Can Artificial Intelligence improve medicine and reduce the cost of care?
SummaryThe possibilities for AI to enhance healthcare in the U.S. are endless, and its advancement cannot come soon enough.
Artificial Intelligence (AI) is a prime example of a horizontal innovation that is reverberating across all domains of our lives. Healthcare, in particular, is experiencing sweeping changes that are intended to improve medical care while at the same time reducing healthcare expenditures.
American healthcare is finding it increasingly hard to cater to the needs of over 327 million people. Despite the paradigm shift towards value-based care, where providers are offered incentives for giving quality patient care, the American people still spend a hefty $3.65 trillion – a cost that needs to be brought under control. AI presents a revolutionary opportunity to improve medical care while bringing substantial cost reductions in medical practices and hospitals. Accenture has termed AI ‘Healthcare’s New Nervous System,’ and it estimates that effective AI implementation can save the US Government a substantial $150 billion by 2025. Alongside this, AI will be a key player in ensuring that patients also enjoy a smarter and safer healthcare experience.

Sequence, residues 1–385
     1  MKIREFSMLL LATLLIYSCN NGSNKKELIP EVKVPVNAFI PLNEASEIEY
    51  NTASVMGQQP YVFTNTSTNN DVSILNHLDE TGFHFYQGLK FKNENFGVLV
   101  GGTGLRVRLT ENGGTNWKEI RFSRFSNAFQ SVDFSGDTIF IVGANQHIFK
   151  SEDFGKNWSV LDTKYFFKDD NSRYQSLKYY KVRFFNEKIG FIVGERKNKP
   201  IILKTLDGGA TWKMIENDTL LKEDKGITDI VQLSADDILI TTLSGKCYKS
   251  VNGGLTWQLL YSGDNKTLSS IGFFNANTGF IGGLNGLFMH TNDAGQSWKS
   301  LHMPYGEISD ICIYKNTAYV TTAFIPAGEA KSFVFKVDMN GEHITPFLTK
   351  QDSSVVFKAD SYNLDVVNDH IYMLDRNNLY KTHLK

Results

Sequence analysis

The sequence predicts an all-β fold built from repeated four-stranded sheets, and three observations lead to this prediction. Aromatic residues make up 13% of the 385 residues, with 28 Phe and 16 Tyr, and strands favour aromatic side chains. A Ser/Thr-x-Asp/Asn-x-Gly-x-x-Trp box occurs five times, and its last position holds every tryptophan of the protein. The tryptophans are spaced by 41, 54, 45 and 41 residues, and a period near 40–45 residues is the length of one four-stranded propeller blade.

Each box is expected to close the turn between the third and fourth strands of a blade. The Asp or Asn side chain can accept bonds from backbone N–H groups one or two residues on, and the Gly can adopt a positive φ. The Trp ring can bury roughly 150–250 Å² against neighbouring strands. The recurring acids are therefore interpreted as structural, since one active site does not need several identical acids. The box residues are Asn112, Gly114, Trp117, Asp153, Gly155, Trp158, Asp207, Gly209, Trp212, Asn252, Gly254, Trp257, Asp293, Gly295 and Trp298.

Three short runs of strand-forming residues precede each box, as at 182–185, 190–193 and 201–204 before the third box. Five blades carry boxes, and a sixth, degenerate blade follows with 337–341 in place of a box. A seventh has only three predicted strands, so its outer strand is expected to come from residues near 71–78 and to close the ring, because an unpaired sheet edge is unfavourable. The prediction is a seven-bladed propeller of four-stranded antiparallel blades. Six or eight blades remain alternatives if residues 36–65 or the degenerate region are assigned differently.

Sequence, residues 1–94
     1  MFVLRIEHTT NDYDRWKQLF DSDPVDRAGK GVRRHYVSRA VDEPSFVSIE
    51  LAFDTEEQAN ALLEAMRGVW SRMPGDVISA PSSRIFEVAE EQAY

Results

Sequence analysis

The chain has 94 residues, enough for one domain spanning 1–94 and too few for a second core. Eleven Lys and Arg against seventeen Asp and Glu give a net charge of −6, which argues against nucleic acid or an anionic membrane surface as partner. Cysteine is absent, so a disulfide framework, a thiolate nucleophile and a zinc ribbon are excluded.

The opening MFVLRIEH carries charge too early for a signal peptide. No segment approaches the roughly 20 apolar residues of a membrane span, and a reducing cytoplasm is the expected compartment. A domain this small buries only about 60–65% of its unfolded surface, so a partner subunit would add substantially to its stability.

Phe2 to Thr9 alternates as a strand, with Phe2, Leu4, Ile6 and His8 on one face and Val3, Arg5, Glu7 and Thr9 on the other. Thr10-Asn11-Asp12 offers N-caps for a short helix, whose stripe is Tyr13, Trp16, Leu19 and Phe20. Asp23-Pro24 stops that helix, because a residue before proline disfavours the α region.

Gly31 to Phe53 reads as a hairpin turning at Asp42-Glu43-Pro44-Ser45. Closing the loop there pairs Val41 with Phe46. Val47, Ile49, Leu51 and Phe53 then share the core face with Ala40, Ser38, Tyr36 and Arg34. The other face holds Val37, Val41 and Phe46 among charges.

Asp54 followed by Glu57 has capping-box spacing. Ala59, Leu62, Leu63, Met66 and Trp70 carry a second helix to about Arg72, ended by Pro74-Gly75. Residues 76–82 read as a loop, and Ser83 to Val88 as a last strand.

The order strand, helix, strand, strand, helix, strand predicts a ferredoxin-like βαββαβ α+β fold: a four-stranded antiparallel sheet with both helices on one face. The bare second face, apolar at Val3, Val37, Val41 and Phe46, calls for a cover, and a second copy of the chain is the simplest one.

Catering to the KenSci has developed an AI solution designed to analyze clinical data and perform predictive analysis for smarter resource allocation. KenSci claims a straight 50% hard Return on Investment (ROI), along with other benefits, when implementing their AI solutions.